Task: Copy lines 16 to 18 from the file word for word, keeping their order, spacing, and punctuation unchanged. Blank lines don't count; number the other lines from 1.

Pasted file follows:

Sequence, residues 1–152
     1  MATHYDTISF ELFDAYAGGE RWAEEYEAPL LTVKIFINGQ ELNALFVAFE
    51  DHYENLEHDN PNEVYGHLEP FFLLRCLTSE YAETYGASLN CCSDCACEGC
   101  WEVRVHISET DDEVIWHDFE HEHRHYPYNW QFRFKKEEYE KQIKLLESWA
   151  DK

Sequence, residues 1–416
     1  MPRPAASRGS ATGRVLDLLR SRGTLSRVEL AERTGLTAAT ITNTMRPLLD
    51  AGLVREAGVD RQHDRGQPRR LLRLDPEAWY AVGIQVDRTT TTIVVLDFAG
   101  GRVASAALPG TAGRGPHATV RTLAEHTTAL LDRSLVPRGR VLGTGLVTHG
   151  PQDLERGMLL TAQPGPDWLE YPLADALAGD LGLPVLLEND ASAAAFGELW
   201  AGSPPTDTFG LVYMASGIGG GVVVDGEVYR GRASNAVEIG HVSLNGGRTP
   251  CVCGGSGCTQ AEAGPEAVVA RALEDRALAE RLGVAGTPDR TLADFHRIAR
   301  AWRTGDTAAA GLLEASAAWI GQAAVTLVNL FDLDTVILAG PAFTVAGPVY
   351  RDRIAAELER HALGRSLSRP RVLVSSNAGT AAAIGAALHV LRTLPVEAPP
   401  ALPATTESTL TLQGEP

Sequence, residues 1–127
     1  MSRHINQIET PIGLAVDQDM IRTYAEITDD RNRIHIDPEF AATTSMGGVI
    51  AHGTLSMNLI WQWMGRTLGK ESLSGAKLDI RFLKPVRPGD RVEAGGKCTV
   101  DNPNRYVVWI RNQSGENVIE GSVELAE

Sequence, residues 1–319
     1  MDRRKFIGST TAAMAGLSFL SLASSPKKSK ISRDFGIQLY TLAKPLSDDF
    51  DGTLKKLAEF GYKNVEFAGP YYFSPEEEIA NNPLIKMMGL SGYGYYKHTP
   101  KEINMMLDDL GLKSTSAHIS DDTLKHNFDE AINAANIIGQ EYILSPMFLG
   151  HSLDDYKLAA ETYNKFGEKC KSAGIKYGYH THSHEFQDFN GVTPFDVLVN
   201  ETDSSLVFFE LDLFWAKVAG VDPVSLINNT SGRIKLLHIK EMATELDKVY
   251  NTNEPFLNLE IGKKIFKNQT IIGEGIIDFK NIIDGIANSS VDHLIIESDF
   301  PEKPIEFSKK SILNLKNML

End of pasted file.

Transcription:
Sequence, residues 1–127
     1  MSRHINQIET PIGLAVDQDM IRTYAEITDD RNRIHIDPEF AATTSMGGVI
    51  AHGTLSMNLI WQWMGRTLGK ESLSGAKLDI RFLKPVRPGD RVEAGGKCTV